I woke up this morning with a stiff left shoulder and clavicle, stretching all the way to a stiff neck, especially on the left side. This is something that happens off and on, and I deal with it in several different ways. Today I decided to take a long walk, my favorite meditative way to deal with physical imbalances. So I got up early, threw on some clothes, and headed out the door for a 45-minute circuit walk through the neighborhood.
I’ve been taking this walk ever since we moved to Sebastopol over 16 years ago. Back then, with a 1-year-old and 3-year-old, it was the only time I really took for myself. It helped me clear my mind and heart from the relentless work of mothering, and more importantly, it helped me get acquainted with my new home. We had just moved up from San Francisco, and I missed it terribly. All my friends, my community, my favorite haunts, the things I relied on to stay centered while raising children, we had left behind in the City. Here, just outside of town on a semi-rural piece of land, I knew I needed to get rooted somehow in my new home and I knew it would take some time. So I figured out a way to walk through our neighborhood, down a connecting street, and back along Occidental Road, which borders the Laguna de Santa Rosa. Then walking up a private road and cutting briefly across a neighbor’s back field, I made it back to our house.
I took this walk as much as I could, all year round (except for when the back field got too wet during the winter). I watched the berries ripen in the summer, I picked rosehips in the winter and made them into tea, I noted when the willows bloomed in the early spring and where to find the best oak galls in the fall for the kids to make little creatures out of. It took me about a year and a half of taking this walk before I felt rooted in this land, and it taught me a lot about what it takes to be at home somewhere.
This morning I couldn’t take the dog with me on my walk, because to straighten out the kinks in my shoulder I had to let both arms swing free. For being in reasonably good shape, I sure felt stiff and sluggish walking. I felt like I was packed in about 6 inches of jelly-like invisible substance that made freedom of movement just an artifact of memory. It was early enough that the big noisy machinery our neighbors are using to build their new house wasn’t in full swing yet, nor were our other neighbors’ dogs with their barking. Eventually, I perked up enough to notice some beautiful red roses blooming along a neighbor’s fence, and how another neighbor really needs to do some weeding along the curb.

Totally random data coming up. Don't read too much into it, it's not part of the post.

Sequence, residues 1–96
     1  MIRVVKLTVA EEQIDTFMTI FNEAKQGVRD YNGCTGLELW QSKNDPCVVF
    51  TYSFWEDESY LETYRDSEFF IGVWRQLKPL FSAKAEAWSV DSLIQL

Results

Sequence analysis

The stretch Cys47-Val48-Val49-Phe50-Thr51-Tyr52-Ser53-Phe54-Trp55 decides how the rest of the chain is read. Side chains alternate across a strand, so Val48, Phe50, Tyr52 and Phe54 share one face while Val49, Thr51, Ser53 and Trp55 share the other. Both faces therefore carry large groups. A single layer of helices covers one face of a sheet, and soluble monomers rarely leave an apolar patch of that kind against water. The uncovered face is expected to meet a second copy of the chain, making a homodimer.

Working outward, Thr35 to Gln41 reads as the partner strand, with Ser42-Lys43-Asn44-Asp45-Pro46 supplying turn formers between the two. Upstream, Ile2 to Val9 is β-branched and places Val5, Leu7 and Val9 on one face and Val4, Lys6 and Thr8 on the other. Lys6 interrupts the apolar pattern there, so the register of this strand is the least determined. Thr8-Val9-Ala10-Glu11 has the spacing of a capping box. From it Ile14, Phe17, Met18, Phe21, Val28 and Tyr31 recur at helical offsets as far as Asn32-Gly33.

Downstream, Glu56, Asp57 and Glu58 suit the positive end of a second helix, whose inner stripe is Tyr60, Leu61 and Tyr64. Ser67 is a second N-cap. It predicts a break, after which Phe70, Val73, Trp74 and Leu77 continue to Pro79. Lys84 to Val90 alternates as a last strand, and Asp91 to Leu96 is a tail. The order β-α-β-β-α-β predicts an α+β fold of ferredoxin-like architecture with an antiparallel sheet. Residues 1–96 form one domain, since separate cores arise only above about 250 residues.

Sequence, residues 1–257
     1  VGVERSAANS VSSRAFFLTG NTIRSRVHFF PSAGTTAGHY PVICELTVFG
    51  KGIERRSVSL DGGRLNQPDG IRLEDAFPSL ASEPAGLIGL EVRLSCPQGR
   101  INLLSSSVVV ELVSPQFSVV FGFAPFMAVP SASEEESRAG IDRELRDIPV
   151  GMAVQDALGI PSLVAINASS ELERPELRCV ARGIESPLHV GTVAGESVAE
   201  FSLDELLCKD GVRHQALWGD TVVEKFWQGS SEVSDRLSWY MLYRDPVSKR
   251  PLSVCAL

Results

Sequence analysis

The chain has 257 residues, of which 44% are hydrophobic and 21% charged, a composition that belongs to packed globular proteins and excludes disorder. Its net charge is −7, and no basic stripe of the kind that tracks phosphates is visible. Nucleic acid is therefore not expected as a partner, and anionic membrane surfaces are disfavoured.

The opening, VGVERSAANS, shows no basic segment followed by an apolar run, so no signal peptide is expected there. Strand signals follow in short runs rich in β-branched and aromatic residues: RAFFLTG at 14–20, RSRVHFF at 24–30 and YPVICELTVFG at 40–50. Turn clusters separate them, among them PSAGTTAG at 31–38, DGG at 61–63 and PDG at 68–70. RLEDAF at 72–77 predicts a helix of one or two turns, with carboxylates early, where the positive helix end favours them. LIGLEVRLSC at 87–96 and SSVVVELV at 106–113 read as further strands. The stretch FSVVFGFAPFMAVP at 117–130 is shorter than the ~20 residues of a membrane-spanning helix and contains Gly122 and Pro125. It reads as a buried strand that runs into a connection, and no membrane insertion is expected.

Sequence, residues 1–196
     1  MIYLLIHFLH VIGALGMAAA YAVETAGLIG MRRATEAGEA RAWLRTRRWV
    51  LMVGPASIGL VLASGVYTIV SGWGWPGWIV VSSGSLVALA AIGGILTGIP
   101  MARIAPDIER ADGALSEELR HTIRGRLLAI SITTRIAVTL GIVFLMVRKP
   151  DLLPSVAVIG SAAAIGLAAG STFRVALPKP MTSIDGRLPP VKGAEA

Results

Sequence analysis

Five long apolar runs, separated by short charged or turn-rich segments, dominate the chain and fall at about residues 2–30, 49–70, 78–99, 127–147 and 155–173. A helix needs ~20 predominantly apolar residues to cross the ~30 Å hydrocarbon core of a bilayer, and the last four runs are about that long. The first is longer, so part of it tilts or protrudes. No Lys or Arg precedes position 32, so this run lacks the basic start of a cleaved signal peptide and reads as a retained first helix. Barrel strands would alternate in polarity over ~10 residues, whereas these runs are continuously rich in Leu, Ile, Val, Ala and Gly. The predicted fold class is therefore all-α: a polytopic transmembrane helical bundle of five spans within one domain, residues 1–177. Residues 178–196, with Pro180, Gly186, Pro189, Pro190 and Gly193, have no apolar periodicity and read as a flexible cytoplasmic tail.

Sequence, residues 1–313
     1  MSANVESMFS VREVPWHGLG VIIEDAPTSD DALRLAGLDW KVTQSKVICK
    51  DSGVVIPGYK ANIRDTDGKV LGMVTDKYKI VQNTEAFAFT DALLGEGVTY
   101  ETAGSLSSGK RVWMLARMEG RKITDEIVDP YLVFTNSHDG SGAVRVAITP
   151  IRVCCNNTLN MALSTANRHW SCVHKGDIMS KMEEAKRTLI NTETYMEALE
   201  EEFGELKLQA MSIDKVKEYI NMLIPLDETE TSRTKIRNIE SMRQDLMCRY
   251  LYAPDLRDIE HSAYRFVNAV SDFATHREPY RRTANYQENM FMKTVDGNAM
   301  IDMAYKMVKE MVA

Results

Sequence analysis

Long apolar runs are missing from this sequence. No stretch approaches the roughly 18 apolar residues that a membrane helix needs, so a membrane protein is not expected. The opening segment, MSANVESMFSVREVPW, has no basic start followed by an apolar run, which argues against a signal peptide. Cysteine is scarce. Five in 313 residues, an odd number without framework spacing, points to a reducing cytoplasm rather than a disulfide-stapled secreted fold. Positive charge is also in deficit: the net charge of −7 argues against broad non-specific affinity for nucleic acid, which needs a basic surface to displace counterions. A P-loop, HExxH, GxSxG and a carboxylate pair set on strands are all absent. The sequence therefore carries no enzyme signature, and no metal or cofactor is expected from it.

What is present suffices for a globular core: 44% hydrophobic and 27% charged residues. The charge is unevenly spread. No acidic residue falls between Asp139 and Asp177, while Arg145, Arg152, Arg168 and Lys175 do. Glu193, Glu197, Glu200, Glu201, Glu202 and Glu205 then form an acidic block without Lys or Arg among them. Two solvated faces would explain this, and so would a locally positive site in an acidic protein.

My body loves walking uphill, and this walk has a nice hill to climb early on. By the top of the hill, my heart felt like it was humming along and my lungs had cleared out all the whatever-it-is from sleep that makes me so sluggish in the morning. I was still feeling a lot of stiffness in my shoulder, but at least it was now a localized stiffness. With every step, I imagined my shoulder carriage hanging relaxed from my spine, swinging effortlessly with the steady rhythm of my gait.
By the time I turned down the hill toward the laguna, I started feeling that sense of skeletal clarity and muscle coordination that I love the most about walking. It’s as though I have internal x-ray vision, and I can see my bones all working together the way they’re supposed to. My head could swing from side to side easily, and I started noticing plants: pearly everlasting, Queen Anne’s lace, chickory, fennel, dandelion, scarlet pimpernel, star thistle. Juniper, willow, Himalayan blackberry, Scotch broom, wild rose. Fir, eucalyptus, valley oak, live oak, cedar, redwood.
Humans are meant to walk. When my body gets really warmed up, I can imagine feeling like this walking across the savannah tens of thousands of years ago. I imagine that the penchant for identifying roadside plants is a remnant of gatherer’s mentality, and the simple act of pausing to eat ripe berries becomes infused with ancestral awareness.
So there I was, enjoying this delicious split awareness as I walked alongside the beautiful, lazy laguna. The local herd of cows was grazing on the grassland there, and a few turkey vultures made their rounds among the trees by the waterway. By this time, all the stiffness had left my shoulders, and I just had a few sore muscles left there as reminder. My walk felt powered by that mysterious force of locomotion that is centered in the pelvis. Like a great, subtle gyroscope, its figure-8 movement is enough to kick our legs out for the next step forward, and send a slight weaving motion up our spine, which like some ancient plant stem just knows how to move and sway to keep us perfectly balanced as we walk.
Thus aligned, I braved the increasing traffic speeding down the road (note to self: get started a little earlier next time to avoid commuters) till I got to the oddly named private road which leads me back home. The apple rancher who lives there was busy loading up a huge flatbed trailer with empty apple-picking boxes, stacked three high. Though the apples don’t look so good this year—late rains this spring made them kind of scaly and gnarled-looking—they still make great juice, and he and his crew must be starting the harvest through Sebastopol’s remaining Gravenstein orchards.
Across our little shared seasonal wetland, through the berry brambles and towering valley oaks of the laguna uplands where we live, and up the slight rise to our house. I’m not sure I have words adequate to describe the feeling of gratitude, centeredness and belonging that comes to me with taking this walk. This afternoon I have to drive to Sacramento and back, a hellish errand, which will I’m sure reinstate my neck and shoulder tension with full force. But then, looking on the bright side, maybe tomorrow morning I can get up early and take another walk in paradise.